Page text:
While McCain would technically be limited to the $84 million should he accept public financing - and that works out to more than $1 million per day between the convention and the general election - that won't be the only money used in service of his campaign. The Republican National Committee, which is looking to raise $150 million for this election cycle, will also work on McCain's behalf. And even if he takes public financing, McCain can help the party raise money. In 2004, for example, John Kerry's Web site featured a button taking supporters to the Democratic National Committee's site, where they could give to the party for its effort to get Kerry elected.

But Kerry generated nowhere near the grassroots support that Obama has. Democratic strategist and CBS political analyst Joe Trippi, who ran Howard Dean's largely Internet fundraising-driven campaign in 2004, suggested that the Illinois senator's fundraising prowess will simply overwhelm the efforts of McCain, the RNC, and whatever outside groups work on the Republican nominee's behalf.

"Obama will be able, in the first few weeks after he gets the nomination, to raise whatever McCain and the RNC will have for the entire campaign," Trippi said, suggesting that Obama could raise $100 million in the week of the convention alone.

Still, why wouldn't Obama simply take public financing and steer donors to his party? Michael Malbin, executive director of the Campaign Finance Institute, suggested that one reason is that "many of the donors to his campaign are new to the system and may not be willing to give to the party."

Malbin also said that because of the long primary fight between Obama and Clinton, the nominee will have relatively little time to gain functional control of the DNC, the group that will decide how money given to the party is spent. If Obama's campaign steers money to the DNC and the DNC spends it in ways that the campaign feels are unwise - say, in service of chairman Howard Dean's 50 state strategy - there is nothing the Obama team could do about it. (Also worth considering: The DNC presently has far less money in the bank at the moment than the RNC.)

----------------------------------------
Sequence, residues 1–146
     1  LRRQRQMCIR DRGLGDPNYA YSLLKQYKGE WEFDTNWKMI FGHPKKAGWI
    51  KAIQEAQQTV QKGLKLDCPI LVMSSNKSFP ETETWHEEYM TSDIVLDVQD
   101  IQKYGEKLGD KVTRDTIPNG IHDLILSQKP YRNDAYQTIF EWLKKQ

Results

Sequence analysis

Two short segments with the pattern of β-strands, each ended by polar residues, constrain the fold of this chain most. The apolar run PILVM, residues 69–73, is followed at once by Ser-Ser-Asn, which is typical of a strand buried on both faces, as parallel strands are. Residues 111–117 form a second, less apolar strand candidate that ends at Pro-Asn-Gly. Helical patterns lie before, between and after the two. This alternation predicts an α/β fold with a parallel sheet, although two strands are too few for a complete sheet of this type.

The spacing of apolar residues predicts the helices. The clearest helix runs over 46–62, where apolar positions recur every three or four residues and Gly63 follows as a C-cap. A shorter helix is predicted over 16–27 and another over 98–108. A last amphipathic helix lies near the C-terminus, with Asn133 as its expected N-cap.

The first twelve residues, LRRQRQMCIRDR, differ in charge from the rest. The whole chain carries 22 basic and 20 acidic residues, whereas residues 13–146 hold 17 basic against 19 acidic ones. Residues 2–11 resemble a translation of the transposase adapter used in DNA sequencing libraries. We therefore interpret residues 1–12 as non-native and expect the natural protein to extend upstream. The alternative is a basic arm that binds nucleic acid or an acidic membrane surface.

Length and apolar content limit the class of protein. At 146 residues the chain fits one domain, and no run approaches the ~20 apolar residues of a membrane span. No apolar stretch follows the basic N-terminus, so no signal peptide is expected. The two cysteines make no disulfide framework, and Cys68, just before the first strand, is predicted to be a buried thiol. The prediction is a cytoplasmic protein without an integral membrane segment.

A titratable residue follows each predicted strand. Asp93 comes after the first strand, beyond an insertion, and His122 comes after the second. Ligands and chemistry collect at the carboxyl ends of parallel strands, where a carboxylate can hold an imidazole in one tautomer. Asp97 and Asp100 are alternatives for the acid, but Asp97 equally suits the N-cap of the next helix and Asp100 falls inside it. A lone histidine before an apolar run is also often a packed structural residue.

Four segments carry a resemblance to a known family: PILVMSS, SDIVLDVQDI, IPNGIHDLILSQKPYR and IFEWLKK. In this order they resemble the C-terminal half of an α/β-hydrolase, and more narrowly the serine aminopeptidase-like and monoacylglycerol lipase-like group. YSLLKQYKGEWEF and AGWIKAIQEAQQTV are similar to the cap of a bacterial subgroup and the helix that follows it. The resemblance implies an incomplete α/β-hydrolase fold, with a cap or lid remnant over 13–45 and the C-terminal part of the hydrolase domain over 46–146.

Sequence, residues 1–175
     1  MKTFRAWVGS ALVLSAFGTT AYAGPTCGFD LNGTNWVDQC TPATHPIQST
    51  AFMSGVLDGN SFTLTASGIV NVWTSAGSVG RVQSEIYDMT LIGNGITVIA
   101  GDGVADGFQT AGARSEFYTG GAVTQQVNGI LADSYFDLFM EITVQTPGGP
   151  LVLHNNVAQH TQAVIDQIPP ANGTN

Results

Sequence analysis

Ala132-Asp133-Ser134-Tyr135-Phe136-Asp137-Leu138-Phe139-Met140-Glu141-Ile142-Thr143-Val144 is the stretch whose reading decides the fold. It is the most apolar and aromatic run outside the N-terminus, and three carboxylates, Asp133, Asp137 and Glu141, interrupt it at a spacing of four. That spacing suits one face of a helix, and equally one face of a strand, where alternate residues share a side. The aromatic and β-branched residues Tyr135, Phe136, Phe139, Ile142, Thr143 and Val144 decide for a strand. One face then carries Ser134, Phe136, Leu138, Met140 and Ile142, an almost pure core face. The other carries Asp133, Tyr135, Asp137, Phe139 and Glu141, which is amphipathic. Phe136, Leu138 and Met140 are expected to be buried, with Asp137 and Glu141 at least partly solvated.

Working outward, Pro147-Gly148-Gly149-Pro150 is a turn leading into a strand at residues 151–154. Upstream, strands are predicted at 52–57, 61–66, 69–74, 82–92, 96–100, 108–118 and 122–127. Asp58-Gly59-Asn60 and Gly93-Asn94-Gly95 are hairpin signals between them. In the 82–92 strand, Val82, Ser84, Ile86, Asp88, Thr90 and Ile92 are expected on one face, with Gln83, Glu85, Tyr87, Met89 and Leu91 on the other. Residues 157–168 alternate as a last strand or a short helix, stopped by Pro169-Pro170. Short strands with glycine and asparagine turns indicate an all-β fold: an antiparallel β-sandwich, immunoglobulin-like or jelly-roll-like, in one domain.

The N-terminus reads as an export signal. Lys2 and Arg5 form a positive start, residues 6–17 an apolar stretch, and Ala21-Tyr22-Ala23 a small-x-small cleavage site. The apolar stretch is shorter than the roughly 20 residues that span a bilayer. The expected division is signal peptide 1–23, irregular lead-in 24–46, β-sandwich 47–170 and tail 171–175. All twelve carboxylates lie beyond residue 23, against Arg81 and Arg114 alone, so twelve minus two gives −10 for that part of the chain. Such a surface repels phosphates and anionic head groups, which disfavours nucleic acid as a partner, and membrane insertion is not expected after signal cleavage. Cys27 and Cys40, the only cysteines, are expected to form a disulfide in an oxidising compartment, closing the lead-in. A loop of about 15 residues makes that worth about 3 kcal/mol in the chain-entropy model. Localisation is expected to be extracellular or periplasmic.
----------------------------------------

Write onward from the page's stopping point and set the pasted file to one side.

By not taking public financing, Obama would leave himself open to McCain's charge that he broke his promise, one the presumptive GOP nominee is likely to hammer home until November. But McCain could suffer blowback on that front because of his decision in the primary to abandon public financing without the approval of the Federal Election Commission, a move critics have suggested was a violation of campaign finance laws.

Trippi suggested that Obama could counter McCain's criticism by setting a cap on contributions to his campaign - say, $250 - and suggesting that his presidential effort, in which he isn't taking money from Washington lobbyists or Political Action Committees, represents the truest form of public financing America has seen.

"He can say, 'OK Mr. Straight Talk,' if you want to change the system, we can do it together right now. join me in this,'" Trippi said. "When McCain refuses, Obama can say, 'the real reason you're staying in the system is you can't raise the money, because you have no grassroots support among the American people.'"
By Brian Montopoli